End strong, too. Here’s a quick fix to make your next question-and-answer session even better: instead of showing a slide that says “Thank you!” or “Questions?”, post a one-slide summary with your contact information and a link to where people can find out more. That way, you help people remember what they wanted to ask questions about, you help them learn more, and you give them clear actions to take next.

Because the most important question for a presentation is: “What’s next?” What do you want people to do after listening to you? What do you want them to learn or remember? Your presentation isn’t the end of a conversation. It’s just the beginning.


7. Continue the conversation.

So continue that conversation. Make it easy for people to download your slides, notes, and recordings so that they can review your presentation or share it with others. If you share it, other people can come across your presentation in search results and blog posts. Invite people to share their comments, reactions, and questions. Show people what their next steps are, and help them take those steps. You’ve already done the hard work of making and giving the presentation, so you might as well make the most of it.

And you can reach out even before your presentation, too. For example, I started this presentation as an idea. I wrote a blog post. People commented. I made a presentation, and then a longer blog post. At every step of the way, people shared their thoughts and helped me make it better. The presentation has been viewed more than a thousand times and I haven’t even delivered it at the virtual conference yet. It’s part of the bigger conversation that’s going on out there.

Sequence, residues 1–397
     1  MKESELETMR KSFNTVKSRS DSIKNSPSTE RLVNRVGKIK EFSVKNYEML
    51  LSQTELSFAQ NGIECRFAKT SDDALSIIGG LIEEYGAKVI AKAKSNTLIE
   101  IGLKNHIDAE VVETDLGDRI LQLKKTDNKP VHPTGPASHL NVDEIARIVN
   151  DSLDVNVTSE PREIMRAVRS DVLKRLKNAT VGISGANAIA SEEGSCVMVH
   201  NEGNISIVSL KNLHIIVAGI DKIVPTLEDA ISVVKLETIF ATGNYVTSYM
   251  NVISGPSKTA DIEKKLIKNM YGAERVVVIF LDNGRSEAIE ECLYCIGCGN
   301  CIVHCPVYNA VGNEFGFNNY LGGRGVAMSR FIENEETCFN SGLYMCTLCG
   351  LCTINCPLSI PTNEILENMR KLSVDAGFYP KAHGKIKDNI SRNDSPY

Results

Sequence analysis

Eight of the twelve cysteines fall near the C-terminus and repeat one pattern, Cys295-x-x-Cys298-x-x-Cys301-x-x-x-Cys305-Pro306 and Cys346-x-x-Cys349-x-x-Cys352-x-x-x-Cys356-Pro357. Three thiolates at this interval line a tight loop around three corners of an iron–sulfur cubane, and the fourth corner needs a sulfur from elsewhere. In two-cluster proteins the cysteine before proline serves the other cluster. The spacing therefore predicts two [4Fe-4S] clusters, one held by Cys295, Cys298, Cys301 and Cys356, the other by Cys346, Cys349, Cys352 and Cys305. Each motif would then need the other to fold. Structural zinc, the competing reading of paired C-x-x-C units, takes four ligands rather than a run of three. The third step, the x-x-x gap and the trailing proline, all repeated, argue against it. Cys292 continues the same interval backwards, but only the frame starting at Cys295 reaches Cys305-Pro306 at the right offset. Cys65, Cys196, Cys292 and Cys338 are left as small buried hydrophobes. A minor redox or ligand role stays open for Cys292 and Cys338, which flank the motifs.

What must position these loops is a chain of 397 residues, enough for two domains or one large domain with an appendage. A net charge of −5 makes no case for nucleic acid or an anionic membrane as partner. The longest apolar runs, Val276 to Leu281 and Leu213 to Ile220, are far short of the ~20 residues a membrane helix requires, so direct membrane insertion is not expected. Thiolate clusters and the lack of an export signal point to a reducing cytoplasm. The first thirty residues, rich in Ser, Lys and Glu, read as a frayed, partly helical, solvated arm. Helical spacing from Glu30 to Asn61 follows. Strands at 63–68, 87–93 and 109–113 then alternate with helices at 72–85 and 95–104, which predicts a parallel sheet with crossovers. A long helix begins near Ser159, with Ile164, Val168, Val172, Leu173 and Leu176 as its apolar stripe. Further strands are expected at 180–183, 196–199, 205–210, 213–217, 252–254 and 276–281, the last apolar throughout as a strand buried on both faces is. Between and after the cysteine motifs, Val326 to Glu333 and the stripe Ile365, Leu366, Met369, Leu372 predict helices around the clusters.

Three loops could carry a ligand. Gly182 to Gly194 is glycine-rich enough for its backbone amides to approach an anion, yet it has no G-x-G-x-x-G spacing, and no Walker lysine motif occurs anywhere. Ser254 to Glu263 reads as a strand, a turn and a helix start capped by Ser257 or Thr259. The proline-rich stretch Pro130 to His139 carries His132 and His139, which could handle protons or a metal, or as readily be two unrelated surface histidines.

Be part of the conversation. Make your presentation matter.

I hope you’re ready to rock your next remote presentation! =) Pick one of these tips, write it down, and focus on it when you’re planning your next talk. What did you like the most about this talk, and what will you work on? What other challenges are in your way? What can I help you with?

Presenter’s note: I plan to edit this down to key messages (always, always!) and add more interactivity for this session, which I’m delivering as an internal IBM teleconference on November 3, 2009. Feedback is always welcome!

You can comment with Disqus or you can e-mail me at sacha@sachachua.com.